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Thread: cumulative volume of tracks

  1. #11
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    Actually, you get a 6dB rise every time you double channel count of identical signals. For different signals it's approximately 3dB per doubling.
    Last edited by bouldersoundguy; 10-01-2019 at 13:21.

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    Cubase can do the same thing if you aren't quite up on the pathways - the input channel is on the output, plus the track where it's going, and if you've got effects running, then they too add to the apparent volume. Mind you, so did my old analogue desks when you were tracking with groups to split the outputs to the record outputs.

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    Quote Originally Posted by bouldersoundguy View Post
    Actually, you get a 6dB rise every time you double channel count of identical signals. For different signals it's approximately 3dB per doubling.
    I've always sucked at this math, but doesn't that depend on how your meters are configured?

    It's, what? 3 dB is double the voltage; 6 dB is double the physical power coming out of the speakers, and 10 dB is double the perceived volume, right?

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    Quote Originally Posted by VomitHatSteve View Post
    I've always sucked at this math, but doesn't that depend on how your meters are configured?

    It's, what? 3 dB is double the voltage; 6 dB is double the physical power coming out of the speakers, and 10 dB is double the perceived volume, right?
    I believe it's the other way around from what you said, doubling voltage is +6dB while doubling power is +3dB. That's why doubling channel count for identical signal is +6dB. But in the real world you don't have a bunch of tracks of the same signal, you have signals that are non-correlated. They add in a more random way, so doubling track count to the master bus is approximated as +3dB. This also explains pan law, because in voltage terms perfect summing between left and right speakers would give you +6dB, but acoustic summing is never perfect so it's approximated to something like 3dB, with the center position being at -3dB compared to fully panned. Other common pan laws are 2.5dB and 4dB.

    Audio meters are generally measuring voltage (except for dBFS, which is measuring a correlation of voltage, which is probably why 1 bit represents 6dB). I think many meters on amplifiers measure power.

    Doubling the watts of an amplifier allows it to put out +3dBSPL because SPL is a power measurement. But you can't assume just switching out an amp for one with twice the wattage will give you +3dB because it may not have the internal gain to do it automatically. You might have to feed it with more input voltage. Boundary effect is also a power effect. Each time you add a boundary you get a 3dB boost at lower frequencies (below 100-300Hz, depending on circumstances).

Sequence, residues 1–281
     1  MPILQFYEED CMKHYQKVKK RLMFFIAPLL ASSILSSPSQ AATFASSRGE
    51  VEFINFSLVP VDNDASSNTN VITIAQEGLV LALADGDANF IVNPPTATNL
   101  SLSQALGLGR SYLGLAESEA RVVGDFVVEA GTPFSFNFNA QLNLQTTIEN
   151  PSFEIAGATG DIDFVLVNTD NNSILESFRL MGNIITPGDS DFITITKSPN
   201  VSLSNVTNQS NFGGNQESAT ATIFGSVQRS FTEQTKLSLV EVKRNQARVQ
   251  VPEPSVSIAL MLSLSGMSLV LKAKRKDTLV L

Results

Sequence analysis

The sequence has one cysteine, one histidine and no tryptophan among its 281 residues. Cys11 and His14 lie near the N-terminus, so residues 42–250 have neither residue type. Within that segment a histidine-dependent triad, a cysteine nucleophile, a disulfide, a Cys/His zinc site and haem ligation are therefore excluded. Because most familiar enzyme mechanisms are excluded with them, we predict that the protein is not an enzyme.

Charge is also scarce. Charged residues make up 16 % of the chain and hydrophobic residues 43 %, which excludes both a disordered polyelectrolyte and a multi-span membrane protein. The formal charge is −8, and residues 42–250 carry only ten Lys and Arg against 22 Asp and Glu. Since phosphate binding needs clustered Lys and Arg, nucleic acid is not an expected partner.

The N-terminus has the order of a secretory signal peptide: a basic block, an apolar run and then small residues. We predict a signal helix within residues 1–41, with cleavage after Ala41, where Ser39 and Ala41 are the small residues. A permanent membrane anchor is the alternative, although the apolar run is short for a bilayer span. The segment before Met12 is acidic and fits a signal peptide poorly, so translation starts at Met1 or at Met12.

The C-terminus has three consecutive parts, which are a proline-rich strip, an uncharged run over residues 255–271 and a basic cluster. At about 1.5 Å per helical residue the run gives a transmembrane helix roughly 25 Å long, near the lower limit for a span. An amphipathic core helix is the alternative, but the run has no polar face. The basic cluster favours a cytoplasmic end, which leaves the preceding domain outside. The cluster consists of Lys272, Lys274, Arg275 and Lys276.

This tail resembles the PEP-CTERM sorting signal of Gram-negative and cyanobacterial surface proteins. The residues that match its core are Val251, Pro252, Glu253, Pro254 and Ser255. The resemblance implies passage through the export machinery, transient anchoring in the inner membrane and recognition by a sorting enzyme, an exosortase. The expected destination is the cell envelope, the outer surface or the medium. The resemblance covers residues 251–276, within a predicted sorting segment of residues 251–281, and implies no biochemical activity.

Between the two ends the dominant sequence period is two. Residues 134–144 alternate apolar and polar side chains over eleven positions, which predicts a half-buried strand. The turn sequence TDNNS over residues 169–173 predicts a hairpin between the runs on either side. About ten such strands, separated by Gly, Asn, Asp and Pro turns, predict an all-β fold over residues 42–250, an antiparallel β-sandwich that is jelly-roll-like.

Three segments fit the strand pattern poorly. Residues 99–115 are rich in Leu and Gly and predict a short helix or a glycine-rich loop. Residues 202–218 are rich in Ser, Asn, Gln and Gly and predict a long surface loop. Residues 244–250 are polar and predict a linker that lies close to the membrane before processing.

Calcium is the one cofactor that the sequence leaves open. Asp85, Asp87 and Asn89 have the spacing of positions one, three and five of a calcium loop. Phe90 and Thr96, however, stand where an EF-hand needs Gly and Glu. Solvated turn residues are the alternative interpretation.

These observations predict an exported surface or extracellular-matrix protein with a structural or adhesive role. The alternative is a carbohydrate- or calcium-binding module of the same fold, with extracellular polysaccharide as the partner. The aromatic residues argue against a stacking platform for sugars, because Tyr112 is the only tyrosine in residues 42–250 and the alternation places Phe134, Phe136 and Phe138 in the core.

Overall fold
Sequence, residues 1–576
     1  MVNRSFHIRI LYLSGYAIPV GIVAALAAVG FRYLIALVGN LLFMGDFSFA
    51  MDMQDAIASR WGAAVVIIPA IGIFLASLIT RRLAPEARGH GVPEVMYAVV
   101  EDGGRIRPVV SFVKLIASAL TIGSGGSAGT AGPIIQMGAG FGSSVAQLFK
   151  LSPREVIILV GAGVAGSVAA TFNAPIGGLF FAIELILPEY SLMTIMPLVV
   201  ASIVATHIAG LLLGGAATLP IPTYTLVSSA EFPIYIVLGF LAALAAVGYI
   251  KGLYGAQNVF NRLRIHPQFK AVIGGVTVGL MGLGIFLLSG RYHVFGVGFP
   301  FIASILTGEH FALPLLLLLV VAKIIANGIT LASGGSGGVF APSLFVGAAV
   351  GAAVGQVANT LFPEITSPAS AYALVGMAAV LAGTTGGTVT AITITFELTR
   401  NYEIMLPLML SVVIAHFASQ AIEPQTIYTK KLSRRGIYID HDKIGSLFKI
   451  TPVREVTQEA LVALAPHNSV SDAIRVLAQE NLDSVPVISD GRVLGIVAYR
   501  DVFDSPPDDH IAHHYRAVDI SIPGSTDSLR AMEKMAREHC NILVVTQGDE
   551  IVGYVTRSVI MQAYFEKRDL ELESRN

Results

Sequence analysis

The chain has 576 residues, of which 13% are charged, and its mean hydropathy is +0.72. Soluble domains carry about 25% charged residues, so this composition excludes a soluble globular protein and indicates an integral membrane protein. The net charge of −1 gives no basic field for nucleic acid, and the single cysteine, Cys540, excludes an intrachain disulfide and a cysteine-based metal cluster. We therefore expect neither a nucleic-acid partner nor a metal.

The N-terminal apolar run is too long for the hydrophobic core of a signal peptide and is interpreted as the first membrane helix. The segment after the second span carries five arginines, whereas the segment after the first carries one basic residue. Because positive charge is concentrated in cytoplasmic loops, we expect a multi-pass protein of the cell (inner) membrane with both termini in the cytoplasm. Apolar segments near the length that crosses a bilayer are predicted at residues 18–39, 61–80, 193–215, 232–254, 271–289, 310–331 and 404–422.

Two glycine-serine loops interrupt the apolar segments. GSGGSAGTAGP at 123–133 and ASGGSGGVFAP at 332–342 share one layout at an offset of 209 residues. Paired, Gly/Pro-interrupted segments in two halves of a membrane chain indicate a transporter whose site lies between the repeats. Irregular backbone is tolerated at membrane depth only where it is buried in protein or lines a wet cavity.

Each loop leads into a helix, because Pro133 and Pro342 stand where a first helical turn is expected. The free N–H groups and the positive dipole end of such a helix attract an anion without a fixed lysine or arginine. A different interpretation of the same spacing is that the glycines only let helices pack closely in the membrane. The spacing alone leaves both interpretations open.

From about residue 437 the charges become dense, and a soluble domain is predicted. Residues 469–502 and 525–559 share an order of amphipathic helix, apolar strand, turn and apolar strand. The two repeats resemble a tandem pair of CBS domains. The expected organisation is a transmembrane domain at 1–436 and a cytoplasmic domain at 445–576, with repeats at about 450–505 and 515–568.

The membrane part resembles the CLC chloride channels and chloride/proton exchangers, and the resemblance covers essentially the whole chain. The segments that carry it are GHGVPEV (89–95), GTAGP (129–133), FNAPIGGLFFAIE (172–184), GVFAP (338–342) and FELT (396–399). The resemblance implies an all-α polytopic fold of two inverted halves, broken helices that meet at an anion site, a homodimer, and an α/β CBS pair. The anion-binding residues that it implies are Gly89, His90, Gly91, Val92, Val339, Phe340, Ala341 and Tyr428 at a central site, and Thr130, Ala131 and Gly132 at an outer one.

I can't remember if 10dB (1 bel) of power or voltage is a 2:1 perceived difference. I suspect it's power.

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    [B]ouldersound Guy,

    Although it was a VERY long time ago, when at Uni we were taught audio in valve language, I am sure that I was taught that if you added two identical audio signals (ie voltage), that the level would rise by +3db and that doubling the output power on a loudspeaker was a +6db increase in volume (ie SPL).

    I will have to either do a test on one of my old analogue consoles, that has analogue Vu metering or dig out my now VERY dusty Uni books to be sure.

    Talking of being taught in valve language and to give you an idea of the era (!!!!!) --- or is that showing how old I am !!!!!

    One night the lecturer entered the lecture theatre and proceeded to say "if anyone has anything that is super urgent that needs doing tonight, I will not be annoyed if you leave, as tonight's lecture will not be part of the exam, but I have to give the lecture all the same" to which he put his hand in his pocket and pulled out a transistor and showed it to the class stating "this is what is called a semi-conductor device, but do not be to concerned as it will never take off" !!!!!!!!!

    David

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    Quote Originally Posted by bouldersoundguy View Post
    Actually, you get a 6dB rise every time you double channel count of identical signals. For different signals it's approximately 3dB per doubling.
    Yes and if we stick to voltages, two summed "correlated" sources such as sine tones of equal amplitude will result in a 6dB higher level (look up the basics of summing op amps)
    The same goes for two identical music sources, though why one would use up an extra track for that I cannot say?

    Uncorrelated sources such as resistor noise add as a 3dB voltage increase. If you simply mono a true stereo source, CO-I say you get a signal inbetween the two limits.

    The remarkable result of all this is that you can make a MUCH quieter balanced line input using 8 op amp per ch than with one!

    Dave.

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